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Image Processing Programs
Cedron commented on 24 May 2019 at 5:22 pm UTC

For those of you interested in image processing programming. [Sarc On]Gosh, how could that possibly be useful in writing a game?[Sarc Off]

I have posted a couple of programs over at the Gambas One forum. Both are in support of answers I've given at DSP.stackexchange.

The first let's you measure angles of edges quite accurately in an image.

The second is intended to find the areas of a photo that are in focus, but the main takeaway is the ability to turn a photo into what appears to be a drawing.

You don't need to install Gambas to look at the code. The source files are plain text and located in a hidden directory called ".src". You do need to install it to run the programs. (PPA: gambas-team/gambas3) It is open source, this message ain't spam, it's a favor to you.


pragatisatpute commented on 25 June 2019 at 5:21 am UTC

Thanks for such an excellent share! I got valuable information here..Thank you!

Cedron commented on 26 June 2019 at 1:01 pm UTC

I appreciate you letting me know.

lindagriffithh commented on 6 July 2019 at 8:48 am UTC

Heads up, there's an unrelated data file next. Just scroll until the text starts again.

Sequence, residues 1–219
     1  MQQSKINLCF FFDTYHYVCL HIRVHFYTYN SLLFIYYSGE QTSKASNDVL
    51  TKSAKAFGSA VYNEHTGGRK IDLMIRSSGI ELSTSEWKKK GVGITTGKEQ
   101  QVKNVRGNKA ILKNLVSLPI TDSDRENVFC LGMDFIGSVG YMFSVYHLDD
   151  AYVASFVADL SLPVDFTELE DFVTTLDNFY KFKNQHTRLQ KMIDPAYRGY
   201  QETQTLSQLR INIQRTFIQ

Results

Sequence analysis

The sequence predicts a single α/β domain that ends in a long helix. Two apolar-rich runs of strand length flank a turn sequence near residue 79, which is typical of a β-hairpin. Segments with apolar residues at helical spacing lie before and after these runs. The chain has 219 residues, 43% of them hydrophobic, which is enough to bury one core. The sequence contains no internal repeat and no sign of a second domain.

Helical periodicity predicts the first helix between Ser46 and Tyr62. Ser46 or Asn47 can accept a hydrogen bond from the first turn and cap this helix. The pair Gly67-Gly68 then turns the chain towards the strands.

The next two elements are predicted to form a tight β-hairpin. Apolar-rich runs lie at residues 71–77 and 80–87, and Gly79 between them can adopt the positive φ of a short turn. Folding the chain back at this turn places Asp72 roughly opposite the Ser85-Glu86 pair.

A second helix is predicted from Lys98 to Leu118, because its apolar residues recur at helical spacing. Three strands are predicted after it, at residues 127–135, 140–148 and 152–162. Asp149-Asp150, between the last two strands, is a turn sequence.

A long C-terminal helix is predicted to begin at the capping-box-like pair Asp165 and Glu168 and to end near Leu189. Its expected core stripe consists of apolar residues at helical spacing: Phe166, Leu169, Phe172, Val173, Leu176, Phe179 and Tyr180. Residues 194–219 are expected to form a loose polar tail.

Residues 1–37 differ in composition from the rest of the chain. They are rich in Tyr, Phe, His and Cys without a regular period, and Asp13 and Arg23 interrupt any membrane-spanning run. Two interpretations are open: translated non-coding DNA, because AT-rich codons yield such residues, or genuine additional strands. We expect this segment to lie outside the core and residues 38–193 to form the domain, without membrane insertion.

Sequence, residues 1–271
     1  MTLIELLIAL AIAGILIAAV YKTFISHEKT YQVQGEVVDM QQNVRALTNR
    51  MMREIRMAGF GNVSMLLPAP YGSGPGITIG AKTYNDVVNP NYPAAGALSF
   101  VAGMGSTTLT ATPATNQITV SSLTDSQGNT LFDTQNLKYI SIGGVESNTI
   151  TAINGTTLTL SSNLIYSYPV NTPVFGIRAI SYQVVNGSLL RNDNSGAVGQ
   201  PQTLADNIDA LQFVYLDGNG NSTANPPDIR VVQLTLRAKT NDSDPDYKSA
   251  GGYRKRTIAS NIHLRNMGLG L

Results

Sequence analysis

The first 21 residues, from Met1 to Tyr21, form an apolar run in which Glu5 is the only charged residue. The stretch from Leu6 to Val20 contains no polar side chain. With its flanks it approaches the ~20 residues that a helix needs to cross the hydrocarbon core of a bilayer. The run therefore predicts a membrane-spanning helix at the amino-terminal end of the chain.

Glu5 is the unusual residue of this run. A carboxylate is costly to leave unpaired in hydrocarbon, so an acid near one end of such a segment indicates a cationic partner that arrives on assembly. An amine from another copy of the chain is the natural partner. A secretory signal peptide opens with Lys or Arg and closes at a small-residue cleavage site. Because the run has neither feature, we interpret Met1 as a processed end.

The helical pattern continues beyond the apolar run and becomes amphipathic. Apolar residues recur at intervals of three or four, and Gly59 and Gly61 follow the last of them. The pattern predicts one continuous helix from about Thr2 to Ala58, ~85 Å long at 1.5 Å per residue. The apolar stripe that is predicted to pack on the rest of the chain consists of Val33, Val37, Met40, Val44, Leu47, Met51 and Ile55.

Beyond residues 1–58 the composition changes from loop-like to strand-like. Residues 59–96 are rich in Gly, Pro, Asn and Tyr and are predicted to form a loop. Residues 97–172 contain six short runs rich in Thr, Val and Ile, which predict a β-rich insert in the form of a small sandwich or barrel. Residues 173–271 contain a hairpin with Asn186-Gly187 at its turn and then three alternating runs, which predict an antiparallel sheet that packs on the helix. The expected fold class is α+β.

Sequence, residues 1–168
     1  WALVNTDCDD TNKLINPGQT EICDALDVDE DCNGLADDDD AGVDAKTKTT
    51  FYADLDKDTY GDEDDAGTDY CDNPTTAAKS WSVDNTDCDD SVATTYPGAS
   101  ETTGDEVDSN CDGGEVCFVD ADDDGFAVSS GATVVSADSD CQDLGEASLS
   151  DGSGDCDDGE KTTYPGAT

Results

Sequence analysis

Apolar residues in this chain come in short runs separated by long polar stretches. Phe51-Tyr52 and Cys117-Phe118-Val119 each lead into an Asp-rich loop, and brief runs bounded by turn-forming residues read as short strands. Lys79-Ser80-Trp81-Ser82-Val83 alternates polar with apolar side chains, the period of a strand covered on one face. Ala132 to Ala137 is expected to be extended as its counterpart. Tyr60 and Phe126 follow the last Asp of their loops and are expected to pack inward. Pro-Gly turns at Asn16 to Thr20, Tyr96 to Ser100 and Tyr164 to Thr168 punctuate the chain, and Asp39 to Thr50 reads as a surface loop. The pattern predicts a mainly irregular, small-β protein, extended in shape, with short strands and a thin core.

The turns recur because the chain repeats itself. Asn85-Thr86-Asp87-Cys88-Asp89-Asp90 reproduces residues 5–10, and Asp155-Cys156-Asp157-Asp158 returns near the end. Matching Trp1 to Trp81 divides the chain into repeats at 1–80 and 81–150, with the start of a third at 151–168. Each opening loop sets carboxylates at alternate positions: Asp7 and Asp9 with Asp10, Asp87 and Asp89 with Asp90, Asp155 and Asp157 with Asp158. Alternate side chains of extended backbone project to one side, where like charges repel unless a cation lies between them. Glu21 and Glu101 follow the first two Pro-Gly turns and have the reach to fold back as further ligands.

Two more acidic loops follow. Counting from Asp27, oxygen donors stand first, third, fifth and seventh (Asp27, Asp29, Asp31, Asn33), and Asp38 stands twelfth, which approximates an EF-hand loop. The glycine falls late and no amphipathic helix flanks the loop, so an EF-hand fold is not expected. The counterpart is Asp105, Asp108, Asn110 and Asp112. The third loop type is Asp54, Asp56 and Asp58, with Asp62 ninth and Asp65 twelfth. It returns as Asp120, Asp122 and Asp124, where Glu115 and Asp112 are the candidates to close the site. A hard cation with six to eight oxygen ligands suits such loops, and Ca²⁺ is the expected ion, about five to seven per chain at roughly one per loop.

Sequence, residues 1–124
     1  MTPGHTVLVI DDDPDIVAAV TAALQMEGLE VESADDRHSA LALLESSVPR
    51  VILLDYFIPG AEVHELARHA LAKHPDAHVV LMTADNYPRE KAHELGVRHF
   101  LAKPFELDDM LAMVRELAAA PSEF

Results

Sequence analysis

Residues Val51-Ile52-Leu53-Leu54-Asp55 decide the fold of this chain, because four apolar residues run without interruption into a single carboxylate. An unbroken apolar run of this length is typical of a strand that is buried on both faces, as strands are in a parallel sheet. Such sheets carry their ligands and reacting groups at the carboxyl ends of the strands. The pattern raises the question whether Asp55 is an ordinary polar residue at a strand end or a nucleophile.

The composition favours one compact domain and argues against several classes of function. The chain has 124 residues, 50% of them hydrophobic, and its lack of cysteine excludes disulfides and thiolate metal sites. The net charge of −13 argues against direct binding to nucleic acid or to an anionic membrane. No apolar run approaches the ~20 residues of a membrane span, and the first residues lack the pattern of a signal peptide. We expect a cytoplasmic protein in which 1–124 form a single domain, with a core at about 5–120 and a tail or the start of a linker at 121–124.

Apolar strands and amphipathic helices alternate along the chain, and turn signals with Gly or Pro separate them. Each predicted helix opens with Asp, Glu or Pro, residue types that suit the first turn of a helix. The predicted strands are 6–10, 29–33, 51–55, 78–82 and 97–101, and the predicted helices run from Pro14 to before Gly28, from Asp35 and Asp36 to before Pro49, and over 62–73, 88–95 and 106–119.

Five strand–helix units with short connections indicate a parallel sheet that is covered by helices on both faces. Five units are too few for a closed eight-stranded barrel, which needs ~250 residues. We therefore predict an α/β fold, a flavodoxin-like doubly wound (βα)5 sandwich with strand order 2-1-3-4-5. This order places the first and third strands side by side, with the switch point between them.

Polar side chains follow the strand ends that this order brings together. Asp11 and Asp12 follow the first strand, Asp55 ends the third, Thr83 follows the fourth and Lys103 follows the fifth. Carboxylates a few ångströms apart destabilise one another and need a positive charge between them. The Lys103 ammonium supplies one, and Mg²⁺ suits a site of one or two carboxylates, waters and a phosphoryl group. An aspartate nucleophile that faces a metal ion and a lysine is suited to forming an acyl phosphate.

Not easy for me, but thank you! I'm still new to programming!
Do you advise me to use YoloV3?

Cedron commented on 7 July 2019 at 2:38 am UTC

I have never used YoloV3, nor am I familiar with it, so I can't make a recommendation either way. There are many paths to learning programming (and image processing), and not knowing where your are at or where you want to go with it, I can't make any recommendations there either.

I'm an experienced programmer and a mathematician, so I like to do things my own way. I've "reinvented many wheels", "improved many wheels", and used others' "wheels". Which to do depends on circumstances and "the cost" of using pre-existing "wheels".

For rapid desktop application development in Linux, I can whole-heartedly recommend Gambas. It's open source. The downside is that it isn't that widely used, nor cross-platform. Since it is a BASIC dialect, it is quite easy to learn, yet it is very very rich. Rich enough that it is my preferred platform. I can always write a C shared library and call it easily if needed.

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